Today I added a whole bagful of mixed veggies – on account of they were cheaper than buying fresh veggies – which are hard to come buy this far north at this time of the year.
Besides – you can NEVER have enough veggies. They’re good for you and they taste good.
There are many different kinds of chowders you could make with this basic recipe. Fry in some chicken chunks in the beginning and you’ve got chicken chowder. Open up some clams and you’ve got clam chowder. Throw in some fish and it is fish chowder. Ham or garlic sausage or even wieners are ALL fair game.
This is simple basic cooking.
Cooking is an improvisation and a compromise and an art with very few rules to follow. This is peasant-work and trailer trash thinking – rural ergonomics by any other name.
So I don’t have much more of a recipe to offer you. Take a look at your refrigerator or what ever is on sale at the grocery store and put it into a pot. Let it simmer for as you want. Because I added milk I am conscientious about stirring – on account of milk will burn and stick to the bottom – no matter how low the temperature is. But me having to run downstairs every half hour or so to stir isn’t any kind of real hardship.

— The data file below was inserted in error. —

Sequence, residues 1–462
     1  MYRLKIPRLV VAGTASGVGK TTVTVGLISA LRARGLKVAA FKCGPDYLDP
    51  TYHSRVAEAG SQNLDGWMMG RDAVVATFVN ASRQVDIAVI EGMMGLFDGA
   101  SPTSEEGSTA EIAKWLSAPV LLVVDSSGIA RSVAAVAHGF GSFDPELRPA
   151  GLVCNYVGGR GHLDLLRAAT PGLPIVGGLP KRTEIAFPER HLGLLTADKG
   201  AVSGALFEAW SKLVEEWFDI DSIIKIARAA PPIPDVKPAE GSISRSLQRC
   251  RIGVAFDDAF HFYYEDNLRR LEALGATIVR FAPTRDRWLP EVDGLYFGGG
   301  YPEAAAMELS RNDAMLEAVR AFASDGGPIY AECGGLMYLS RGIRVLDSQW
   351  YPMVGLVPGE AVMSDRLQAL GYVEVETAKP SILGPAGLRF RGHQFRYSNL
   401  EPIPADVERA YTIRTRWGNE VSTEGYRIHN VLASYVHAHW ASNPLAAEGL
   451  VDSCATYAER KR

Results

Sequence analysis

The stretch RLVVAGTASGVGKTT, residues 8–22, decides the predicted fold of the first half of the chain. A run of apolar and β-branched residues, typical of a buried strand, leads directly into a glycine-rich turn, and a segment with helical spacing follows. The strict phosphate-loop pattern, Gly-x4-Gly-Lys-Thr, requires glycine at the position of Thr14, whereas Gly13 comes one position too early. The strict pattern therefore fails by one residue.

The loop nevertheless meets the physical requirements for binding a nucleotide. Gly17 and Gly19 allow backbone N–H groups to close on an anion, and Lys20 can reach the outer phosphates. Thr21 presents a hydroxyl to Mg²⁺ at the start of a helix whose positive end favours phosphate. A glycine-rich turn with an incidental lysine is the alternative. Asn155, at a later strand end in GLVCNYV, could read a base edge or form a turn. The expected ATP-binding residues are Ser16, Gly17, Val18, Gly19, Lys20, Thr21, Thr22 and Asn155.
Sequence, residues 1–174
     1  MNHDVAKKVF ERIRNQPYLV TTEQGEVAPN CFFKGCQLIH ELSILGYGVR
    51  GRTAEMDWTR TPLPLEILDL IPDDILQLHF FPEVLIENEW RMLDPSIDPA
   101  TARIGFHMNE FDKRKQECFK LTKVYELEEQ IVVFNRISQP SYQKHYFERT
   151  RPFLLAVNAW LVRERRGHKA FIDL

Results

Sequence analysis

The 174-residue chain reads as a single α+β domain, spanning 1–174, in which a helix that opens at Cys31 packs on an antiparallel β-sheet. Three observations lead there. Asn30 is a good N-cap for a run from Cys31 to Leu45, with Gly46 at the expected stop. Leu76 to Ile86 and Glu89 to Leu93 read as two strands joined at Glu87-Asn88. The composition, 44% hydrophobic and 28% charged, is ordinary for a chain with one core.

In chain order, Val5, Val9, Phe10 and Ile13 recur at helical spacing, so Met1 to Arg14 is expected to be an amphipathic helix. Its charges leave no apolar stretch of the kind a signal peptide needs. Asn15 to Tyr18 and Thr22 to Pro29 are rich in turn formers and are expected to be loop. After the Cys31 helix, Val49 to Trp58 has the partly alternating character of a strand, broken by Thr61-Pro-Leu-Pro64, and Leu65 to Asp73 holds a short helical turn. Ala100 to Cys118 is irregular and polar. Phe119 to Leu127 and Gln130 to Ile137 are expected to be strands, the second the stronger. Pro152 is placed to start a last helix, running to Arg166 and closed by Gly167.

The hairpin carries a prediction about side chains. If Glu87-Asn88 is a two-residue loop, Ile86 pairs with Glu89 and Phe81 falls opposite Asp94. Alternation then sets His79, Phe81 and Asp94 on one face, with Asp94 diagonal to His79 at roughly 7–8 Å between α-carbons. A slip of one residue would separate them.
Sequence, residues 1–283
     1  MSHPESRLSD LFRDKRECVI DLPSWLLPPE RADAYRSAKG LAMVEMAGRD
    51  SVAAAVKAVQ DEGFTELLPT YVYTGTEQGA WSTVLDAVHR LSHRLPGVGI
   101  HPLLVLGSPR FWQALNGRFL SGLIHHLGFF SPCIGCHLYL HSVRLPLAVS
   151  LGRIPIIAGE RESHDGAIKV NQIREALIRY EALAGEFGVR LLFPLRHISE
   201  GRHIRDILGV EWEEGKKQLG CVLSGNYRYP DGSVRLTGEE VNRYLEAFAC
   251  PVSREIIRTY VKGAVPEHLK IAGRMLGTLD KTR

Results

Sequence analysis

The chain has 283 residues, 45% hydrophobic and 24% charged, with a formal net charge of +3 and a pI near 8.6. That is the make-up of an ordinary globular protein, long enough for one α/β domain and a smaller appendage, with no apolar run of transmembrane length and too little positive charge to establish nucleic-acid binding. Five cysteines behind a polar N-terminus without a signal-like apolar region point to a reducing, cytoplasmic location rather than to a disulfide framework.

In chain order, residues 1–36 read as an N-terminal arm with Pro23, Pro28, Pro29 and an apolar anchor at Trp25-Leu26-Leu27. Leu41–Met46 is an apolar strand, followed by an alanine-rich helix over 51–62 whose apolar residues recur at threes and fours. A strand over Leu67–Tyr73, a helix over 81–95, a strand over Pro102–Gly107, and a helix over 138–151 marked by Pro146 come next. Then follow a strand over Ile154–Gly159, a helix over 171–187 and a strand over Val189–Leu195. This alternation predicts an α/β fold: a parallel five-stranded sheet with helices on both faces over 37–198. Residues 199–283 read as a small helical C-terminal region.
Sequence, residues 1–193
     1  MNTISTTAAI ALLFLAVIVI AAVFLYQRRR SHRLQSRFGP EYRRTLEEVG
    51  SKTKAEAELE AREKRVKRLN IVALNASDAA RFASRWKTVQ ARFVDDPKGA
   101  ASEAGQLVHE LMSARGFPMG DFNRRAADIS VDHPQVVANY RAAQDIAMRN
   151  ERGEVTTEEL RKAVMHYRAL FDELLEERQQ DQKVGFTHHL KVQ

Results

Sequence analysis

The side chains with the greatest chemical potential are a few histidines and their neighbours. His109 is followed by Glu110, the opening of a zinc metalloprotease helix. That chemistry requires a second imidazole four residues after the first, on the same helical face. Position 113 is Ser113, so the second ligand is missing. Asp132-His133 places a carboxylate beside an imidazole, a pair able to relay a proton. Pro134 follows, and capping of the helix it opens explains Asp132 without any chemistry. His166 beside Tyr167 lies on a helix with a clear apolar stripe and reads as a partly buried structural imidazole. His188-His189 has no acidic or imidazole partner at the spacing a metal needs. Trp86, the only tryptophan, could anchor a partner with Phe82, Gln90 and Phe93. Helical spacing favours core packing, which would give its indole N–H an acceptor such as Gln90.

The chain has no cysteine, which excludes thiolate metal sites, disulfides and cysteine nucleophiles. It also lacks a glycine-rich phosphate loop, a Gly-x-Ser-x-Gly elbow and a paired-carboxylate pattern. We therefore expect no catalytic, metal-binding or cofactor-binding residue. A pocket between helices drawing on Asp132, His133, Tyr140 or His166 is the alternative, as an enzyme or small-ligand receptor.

This is what my pot looks like today.
Now – if you enjoyed that impromptu cooking lesson why don’t you leave me a comment – or else share this blog entry on your Facebook page or your Twitter feed – on account of I want to share this with as many people as possible.
You REALLY like it – well you can always run over to Kindle or Kobo and buy one of my e-books just to say thanks.
OR – you can just take that recipe and cook up your own chowder and tell everybody else how you read about the recipe on this crazy bearded writer’s blog.
OH – and why was I talking about sweaters?
Well, mostly because coming home to this chowder on a cold winter’s day always makes me feel about as happy as my favorite warm sweater.
So mix yourself up a big old pot full of Warm Sweater Soup.
yours in storytelling,
Today’s recipe was brought to you by my novella of redneck noir – HAMMURABI ROAD.